MSO9083 - Iron Age crossridge outwork and field banks southeast of Bat's Castle (Monument)


An outwork to the Iron Age hillfort of Bat's Castle, comprising a zig-zag bank and ditch 150 metres southeast of the hillfort.

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Type and Period (5)

Protected Status

Full Description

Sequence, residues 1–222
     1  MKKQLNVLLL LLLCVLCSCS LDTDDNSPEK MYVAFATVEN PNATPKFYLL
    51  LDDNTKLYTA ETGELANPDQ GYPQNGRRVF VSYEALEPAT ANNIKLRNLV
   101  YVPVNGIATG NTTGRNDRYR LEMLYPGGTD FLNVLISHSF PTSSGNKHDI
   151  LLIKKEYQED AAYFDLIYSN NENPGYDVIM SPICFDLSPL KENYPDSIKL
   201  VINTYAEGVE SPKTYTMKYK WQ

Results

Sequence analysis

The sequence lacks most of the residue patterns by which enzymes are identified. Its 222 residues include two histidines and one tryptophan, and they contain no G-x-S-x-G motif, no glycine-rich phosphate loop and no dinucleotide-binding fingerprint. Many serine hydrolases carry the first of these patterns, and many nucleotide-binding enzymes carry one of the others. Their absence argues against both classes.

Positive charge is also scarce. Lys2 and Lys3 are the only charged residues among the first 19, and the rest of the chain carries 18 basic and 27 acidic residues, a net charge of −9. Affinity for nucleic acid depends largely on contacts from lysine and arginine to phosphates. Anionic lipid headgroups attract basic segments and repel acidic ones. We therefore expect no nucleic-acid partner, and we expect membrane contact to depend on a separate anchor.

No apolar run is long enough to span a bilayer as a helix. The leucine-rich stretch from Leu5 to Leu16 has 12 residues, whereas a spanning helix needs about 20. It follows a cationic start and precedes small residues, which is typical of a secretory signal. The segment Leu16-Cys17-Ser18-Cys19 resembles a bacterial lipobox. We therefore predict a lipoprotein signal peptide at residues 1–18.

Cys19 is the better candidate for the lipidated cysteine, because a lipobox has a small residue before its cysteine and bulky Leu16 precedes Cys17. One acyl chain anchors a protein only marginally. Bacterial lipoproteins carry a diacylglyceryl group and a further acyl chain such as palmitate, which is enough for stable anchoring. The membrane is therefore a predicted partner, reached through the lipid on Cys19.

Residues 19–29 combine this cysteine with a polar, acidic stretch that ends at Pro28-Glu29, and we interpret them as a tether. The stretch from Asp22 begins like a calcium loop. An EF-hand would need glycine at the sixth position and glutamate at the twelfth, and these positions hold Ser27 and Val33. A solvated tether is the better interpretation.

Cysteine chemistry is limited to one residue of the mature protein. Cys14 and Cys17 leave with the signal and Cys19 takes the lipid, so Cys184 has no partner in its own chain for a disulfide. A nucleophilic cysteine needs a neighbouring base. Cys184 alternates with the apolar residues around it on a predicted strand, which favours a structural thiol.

An earthwork is marked at SS 9904 4201 on the 1962 Ordnance Survey map. [1] A zig-zag bank of stones and earth, with a shallow ditch in front, situated about 140 yards southeast of Bat's Castle. Its total length is about 200 yards, and is 15 to 18 feet high. It is clearly of much later date than the camp and is probably one of the earthworks thrown up during the siege of Dunster Castle in the Civil War. [2] There is no reason to suppose that this earthwork is of Civil War date. From its construction and situation (out of sight of Dunster Castle) it seems improbable. It crosses the approach to 'Bats Castle' and, with its strong bank and outer ditch, is most likely to be associated with the hillfort. Surveyed at 1:2500. [3] This earthwork, of the crossbank type, together with Bats Castle forms a probable Iron Age 'crossbank enclosure'. [4] The outwork to Bat's Castle was surveyed at 1:1000 scale using GPS as part of the RCHME Exmoor Project. The earthwork lies 150 metres to the southeast of Bat's Castle. It comprises a bank and ditch, 170 metres long with an overall width of 15 metres, arranged in a 'zig-zag' across the ridge where Bat's Castle is at its most vulnerable. The bank is 1.5 metres high at its southern end, rising to 3 metres by the gap, which may well be an original entrance. [7-9] The outwork can be seen on most aerial photographs of the area. [12,13,23] There is a cross ridge spur defence, guarding the approach to the hillfort. The banks are 1.5 metres high and prominent. They are crossed by a trackway leading from the enclosure to Aller Hill. The earthworks are undisturbed. [14] The trackway has been cut through the earthwork. The earthwork is well preserved, under a good vegetation cover. There are no real clues as to its date or purpose, and although it is likely to be prehistoric, the angles of the earthwork are sharply defined. [15] Across the other end of the ridge to Bat's Castle is a sinuous rampart up to 2.1 metres high, with an external ditch up to 0.9 metres deep, both fading towards the ends. There is no apparent entrance gap though a zig-zag would be a defensible passage. The bank extends further than previously mapped. The work does not cross the entire ridge and its main purpose may not have been defensive. It may have been an advance display of the fort or a lookout, on the blind approach. Similar features are associated with Trendle Ring and with other forts on Exmoor. Running from close to the north end of the earthwork are two short lengths of field bank, one forming a third side of an area behind the main work, the other running away from the main work into an area of deep-ploughing which has destroyed it beyond. These are probably remnants of a prehistoric field system contemporary with the hillfort (See also MSO12261). [16] The outworks were rescheduled on 25th February 1994 with a new national number. The old number was Somerset 245b. [17] The Scheduled Monument Condition Assessment of 2009 gave the site a survival score of 10. [21] The site was surveyed in May 2015 as part of the 2015 Exmoor Scheduled Monument Condition Assessment. It was given a survival score of 10. [22] This record was enhanced as part of the National Record of the Historic Environment to Exmoor National Park Historic Environment Record data transfer project. [24]